When your doctor suggests a biopsy, you may be understandably concerned, but knowing what to expect can help. Procedures can be costly, and when you are already a little stressed about your health, you shouldn’t have to worry about how you will pay the medical bills from the procedure. Let’s find out how Medicare insurance will help cover the cost of a biopsy and any associated expenses.
What is a biopsy?
According to the Centers for Disease Control and Prevention (CDC), a biopsy is a minor surgery to remove body fluid or small pieces of tissue. The procedure is usually ordered by a doctor when an abnormality is suspected. Many people associate biopsies with a cancer diagnosis, but many biopsies can diagnose other non-cancerous conditions or be used to rule out cancer.
Types of Biopsies
There are different kinds of biopsies that a physician may order, but most will involve removing a small section of tissue, organ, or skin to be sent to a lab for analysis by a pathologist. Some procedures are more invasive than others, but your doctor can use numbing agents, sedation, or pain relief medicines to relieve your discomfort or pain. Biopsies can include the following types:
- Needle biopsy (for easily accessible samples)
- Endoscopic biopsy (to gather samples from the lungs, bladder, or colon)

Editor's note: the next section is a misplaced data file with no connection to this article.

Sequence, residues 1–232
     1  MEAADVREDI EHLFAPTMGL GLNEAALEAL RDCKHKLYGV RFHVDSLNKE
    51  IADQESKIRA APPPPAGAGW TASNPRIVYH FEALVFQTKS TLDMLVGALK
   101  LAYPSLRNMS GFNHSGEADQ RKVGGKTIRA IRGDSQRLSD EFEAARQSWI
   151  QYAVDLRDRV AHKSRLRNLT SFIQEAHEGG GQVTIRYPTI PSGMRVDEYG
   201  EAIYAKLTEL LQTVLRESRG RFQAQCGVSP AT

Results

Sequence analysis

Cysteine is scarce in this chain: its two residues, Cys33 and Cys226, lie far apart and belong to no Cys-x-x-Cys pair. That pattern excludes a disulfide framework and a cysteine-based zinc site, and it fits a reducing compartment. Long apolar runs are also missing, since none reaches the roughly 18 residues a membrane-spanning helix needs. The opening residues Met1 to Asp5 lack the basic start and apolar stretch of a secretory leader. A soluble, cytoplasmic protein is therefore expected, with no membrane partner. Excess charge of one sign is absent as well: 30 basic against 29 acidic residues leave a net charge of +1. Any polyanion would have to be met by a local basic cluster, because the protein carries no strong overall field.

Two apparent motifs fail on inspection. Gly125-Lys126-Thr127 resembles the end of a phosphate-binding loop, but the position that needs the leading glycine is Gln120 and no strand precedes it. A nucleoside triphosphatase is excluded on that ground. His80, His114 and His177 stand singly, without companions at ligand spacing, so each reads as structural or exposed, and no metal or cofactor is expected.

- Bone biopsy
- Bone marrow biopsy
- Ultrasound-guided biopsy
- CT-guided biopsy
- Liver biopsy
- Cervical biopsy
- Kidney biopsy
- Prostate biopsy
- Skin biopsy
- Surgical biopsy (open or laparoscopic surgery)
Will Medicare cover a biopsy?
Medicare Part B covers medically necessary services or supplies needed to diagnose and treat a medical condition and that meet accepted standards of medical practice. If you get your benefits through Original Medicare, you will pay your Part A and/or B deductibles, and 20% coinsurance of Part B services. You may be responsible for other copayments or coinsurance, as well. Medicare should cover anesthesia used during the procedure whether you are in a hospital or outpatient setting, but medications prescribed after the procedure may not be covered unless you have a Prescription Drug Plan.
If you are enrolled in a Medicare Advantage plan, you will have at least the same coverage as Original Medicare, but you may have additional benefits. If you need prescription medications after your procedure, you should be enrolled in a Medicare Advantage plan with prescription drug coverage (MA-PD). Check with your Medicare Advantage plan for coverage details.